4. Then again, there are people who PRETEND their life is a fantastic roller-coaster ride... while in reality their relationships might be stretched to the point of breaking, their finances may be hitting the very rock bottoms, and the combined effect of the two taking a serious toll on their health!

  5. AND, there are people who start acting really weird if they PERCEIVE that you have what they lack... popularity, success, respect, admiration, me-time, witty disposition... you name it! In fact, interactions with them could actually leave you feeling GUILTY, for having whatever they think they don't have! (I know... that's why I said "weird"!) And if you happen to be in the first category, you might also be left wondering what hit you! You could even start HIDING the good parts of your personality and your life!

  6. And finally, there are people who believe that nobody's life is perfect, that nobody has everything, and that everybody is just putting on masks for the world most of the time... DIFFERENT masks, for different 'segments' of the world, at different times.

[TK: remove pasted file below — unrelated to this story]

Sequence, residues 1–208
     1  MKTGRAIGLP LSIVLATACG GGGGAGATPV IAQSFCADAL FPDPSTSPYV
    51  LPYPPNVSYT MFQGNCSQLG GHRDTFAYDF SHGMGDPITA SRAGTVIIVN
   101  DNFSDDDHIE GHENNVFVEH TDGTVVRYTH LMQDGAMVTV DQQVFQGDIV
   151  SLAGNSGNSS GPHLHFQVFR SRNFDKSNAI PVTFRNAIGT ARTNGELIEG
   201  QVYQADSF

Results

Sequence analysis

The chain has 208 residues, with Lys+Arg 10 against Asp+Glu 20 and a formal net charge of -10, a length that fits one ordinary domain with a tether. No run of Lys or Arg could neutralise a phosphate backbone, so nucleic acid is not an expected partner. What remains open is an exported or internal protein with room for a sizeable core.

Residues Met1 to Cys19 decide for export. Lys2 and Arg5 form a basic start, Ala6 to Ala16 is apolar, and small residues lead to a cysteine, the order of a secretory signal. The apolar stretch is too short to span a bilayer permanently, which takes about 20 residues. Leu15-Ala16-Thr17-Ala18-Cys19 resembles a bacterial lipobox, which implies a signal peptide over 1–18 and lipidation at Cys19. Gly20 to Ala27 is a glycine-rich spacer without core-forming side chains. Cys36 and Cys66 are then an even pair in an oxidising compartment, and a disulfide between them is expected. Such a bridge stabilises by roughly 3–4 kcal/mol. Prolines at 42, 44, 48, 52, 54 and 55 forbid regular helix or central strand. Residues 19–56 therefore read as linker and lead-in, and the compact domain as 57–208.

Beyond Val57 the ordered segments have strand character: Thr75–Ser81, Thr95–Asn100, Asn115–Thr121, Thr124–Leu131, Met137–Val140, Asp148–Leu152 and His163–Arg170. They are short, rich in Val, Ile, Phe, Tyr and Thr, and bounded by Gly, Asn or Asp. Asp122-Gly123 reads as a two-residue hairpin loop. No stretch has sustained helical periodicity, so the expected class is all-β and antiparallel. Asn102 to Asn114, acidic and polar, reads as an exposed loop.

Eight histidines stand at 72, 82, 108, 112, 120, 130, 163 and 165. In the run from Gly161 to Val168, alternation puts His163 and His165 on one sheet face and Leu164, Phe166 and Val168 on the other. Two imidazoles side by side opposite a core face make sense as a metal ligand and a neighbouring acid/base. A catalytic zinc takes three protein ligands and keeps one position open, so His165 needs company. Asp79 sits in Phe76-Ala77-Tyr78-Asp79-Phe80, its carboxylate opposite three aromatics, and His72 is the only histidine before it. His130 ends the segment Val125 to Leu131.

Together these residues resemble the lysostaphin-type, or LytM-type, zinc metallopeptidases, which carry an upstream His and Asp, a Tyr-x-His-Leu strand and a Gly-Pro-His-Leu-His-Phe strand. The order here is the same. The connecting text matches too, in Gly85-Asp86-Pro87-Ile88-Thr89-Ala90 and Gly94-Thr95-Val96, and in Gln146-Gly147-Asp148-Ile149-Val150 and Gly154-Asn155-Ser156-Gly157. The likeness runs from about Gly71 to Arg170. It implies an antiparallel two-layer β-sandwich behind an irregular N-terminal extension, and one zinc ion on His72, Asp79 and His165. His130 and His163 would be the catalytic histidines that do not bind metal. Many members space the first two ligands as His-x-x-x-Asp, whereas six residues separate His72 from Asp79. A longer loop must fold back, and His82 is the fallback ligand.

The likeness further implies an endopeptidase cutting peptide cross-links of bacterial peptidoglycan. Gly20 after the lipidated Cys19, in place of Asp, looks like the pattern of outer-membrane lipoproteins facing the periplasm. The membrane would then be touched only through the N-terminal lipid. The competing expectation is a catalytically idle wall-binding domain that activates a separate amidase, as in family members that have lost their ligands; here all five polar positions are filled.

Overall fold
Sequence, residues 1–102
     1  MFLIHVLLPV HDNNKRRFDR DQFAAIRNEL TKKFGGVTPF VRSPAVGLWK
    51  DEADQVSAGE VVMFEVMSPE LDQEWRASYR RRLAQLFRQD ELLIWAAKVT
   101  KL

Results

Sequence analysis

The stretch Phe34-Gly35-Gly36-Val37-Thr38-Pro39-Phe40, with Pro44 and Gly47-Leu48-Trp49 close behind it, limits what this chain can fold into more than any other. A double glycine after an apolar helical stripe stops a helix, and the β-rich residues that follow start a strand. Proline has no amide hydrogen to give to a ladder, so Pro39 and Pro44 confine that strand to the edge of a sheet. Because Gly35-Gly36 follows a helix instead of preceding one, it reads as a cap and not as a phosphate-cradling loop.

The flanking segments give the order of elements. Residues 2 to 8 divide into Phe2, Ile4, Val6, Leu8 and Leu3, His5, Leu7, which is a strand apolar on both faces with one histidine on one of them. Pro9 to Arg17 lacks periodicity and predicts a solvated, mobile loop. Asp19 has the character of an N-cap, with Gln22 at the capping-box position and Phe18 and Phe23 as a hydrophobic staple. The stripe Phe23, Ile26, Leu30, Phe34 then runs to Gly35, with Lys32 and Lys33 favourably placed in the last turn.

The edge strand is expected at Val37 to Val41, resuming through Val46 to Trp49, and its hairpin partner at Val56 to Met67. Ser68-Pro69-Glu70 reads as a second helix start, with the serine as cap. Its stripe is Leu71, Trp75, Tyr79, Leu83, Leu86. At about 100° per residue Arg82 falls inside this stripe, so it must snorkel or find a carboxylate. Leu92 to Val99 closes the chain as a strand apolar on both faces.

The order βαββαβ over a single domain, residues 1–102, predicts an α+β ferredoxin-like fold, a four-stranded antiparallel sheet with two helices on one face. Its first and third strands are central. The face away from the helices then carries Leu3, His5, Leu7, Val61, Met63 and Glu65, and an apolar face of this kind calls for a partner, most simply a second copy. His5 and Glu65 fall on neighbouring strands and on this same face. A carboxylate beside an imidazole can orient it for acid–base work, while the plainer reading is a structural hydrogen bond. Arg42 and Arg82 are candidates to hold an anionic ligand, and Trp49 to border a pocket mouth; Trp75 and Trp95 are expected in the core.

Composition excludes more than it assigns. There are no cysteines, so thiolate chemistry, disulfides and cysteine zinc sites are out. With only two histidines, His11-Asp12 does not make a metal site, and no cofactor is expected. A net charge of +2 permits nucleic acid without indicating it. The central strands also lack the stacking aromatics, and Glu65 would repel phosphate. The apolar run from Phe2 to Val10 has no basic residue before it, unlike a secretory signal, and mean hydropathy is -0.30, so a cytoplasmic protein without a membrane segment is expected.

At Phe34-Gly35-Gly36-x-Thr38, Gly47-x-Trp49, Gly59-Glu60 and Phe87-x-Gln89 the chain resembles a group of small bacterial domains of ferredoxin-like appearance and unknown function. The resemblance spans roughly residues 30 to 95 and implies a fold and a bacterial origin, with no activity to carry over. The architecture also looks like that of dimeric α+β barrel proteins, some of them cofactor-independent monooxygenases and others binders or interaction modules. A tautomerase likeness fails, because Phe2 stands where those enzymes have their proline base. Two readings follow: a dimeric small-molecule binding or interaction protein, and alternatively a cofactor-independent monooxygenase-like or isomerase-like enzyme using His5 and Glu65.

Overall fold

So, these were the different profile categories, at a very broad level, that I sorted the people I'd come across in life, into. Naturally, YOUR profiling could be different from this, based on how YOU make sense of your world. Also, by no means is this an "either-or" kind of list, 'coz that would be making it just TOO simplistic. I've met people who fell into more than one of these categories at the same time. In fact, I would classify MYSELF in more than one of these categories, at least at the time of publishing this post.

How about you?
Which of these categories would you profile yourself in?
What other different categories would you like to add to this list?